Kotkin also criticizes the tech industry for business models that disregard people's privacy. These range from annoying but relatively benign commercial intrusions, such as the collection of browsing data to enhance the targeting of on-line advertisements, to cooperation with the National Security Agency's monitoring of our communications. Kotkin also highlights the tech industries' expansion into the broader media world, where their money is being used both to reinvigorate existing media outlets (such The New Republic and the Washington Post) and to create new ones (such Pierre Omidyar's First Look media, home to Glenn Greenwald's The Intercept). In this way, he argues, they create new platforms that allow their allies in the clerisy to enforce environmental and social orthodoxy.

What might a libertarian make of Kotkin's analysis?

Class used to be a significant theme in libertarian political commentary. Though Karl Marx's account of class conflict is better known, Marx acknowledged his indebtedness to earlier French classical liberal theorists of class, such as Augustin Thierry, Charles Comte, and Charles Dunoyer. Class analysis also figured powerfully in the rhetoric of many later libertarians, notably Karl Hess and Murray Rothbard during their alliance with the New Left (and, with a more right-wing populist flavor, in Rothbard's later work as well).

For Marxists, class position is determined by economic actors' relationship with the means of production. The ruling class rules, on this view, because it controls capital, while other classes are subordinate to it because they depend on access to the assets the rulers control. In libertarian class theory, by contrast, class position is a function not of the resources you own but your relationship with the state. Dominant classes are constituted by their relationship with political power. The source of their resources is their ties to the state, and the use to which they frequently put those resources is the manipulation of the state to achieve their goals.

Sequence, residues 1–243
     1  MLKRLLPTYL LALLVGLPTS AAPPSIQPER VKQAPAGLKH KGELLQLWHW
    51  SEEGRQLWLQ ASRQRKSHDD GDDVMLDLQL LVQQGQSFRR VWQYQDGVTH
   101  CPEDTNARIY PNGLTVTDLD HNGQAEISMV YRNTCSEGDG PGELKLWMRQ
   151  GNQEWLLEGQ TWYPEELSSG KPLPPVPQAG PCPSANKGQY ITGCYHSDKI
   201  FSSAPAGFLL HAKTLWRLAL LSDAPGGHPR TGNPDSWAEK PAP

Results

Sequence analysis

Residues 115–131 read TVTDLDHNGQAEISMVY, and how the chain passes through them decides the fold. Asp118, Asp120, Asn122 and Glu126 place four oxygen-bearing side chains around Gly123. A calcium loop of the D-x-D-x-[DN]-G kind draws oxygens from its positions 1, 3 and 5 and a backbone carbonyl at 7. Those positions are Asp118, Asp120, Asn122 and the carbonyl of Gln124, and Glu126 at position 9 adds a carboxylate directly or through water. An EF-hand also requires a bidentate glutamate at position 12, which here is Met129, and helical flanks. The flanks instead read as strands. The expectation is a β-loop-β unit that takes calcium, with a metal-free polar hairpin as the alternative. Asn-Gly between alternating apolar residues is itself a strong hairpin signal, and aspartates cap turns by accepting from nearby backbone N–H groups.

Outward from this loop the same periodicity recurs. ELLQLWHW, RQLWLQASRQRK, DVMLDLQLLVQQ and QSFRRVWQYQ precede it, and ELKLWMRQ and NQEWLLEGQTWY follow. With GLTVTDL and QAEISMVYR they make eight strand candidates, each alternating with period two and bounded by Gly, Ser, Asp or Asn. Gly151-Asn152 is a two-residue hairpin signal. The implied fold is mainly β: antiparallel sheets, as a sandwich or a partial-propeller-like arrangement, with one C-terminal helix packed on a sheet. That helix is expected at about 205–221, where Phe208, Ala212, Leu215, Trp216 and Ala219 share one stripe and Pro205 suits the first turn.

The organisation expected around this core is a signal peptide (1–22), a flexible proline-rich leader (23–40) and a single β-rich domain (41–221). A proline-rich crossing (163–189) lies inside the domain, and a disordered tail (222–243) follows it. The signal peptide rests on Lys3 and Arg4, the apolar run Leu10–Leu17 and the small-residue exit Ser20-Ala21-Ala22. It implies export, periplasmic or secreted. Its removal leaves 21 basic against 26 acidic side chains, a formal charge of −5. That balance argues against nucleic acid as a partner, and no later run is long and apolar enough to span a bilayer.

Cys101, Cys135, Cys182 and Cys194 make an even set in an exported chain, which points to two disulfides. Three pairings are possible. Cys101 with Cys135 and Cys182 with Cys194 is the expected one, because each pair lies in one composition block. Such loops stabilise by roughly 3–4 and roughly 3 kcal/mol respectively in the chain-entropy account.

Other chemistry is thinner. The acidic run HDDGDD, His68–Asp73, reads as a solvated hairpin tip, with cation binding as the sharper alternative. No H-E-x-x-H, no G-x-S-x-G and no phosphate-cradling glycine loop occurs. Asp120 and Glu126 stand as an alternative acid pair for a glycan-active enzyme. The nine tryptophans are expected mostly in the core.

Libertarians and Marxists will frequently identify the same groups as making up the dominant social classes: top elected or appointed officials, for instance, or dominant figures in the military-industrial complex. But while the Marxist might treat a Pentagon contractor as a member of the ruling class simply because of the resources she or he owns, the libertarian would explain the contractor's wealth and class position by stressing the role of the state's war machine and its incestuous ties with the "defense" industry.
Today, unfortunately, you're more likely to encounter class analysis in the discourse of the Marxist left, and perhaps the Tea Party right, than in that of classical liberals and libertarians. Perhaps this is a function of a desire to avoid unsavory associations. Often, I fear, it reflects an instinctive valorization of the successes of those who have made it in today's marketplace, no matter how unfree those markets may be. The worry seems to be that using the rhetoric of class to criticize influential groups in our society will somehow give aid and comfort to those who promote a politics of envy and resentment. But I think this worry is unwarranted. It is possible to acknowledge the creativity and determination of people who actually succeed by contributing to the welfare of others through creativity and peaceful, voluntary exchange while also criticizing social stratification and the abuse of power.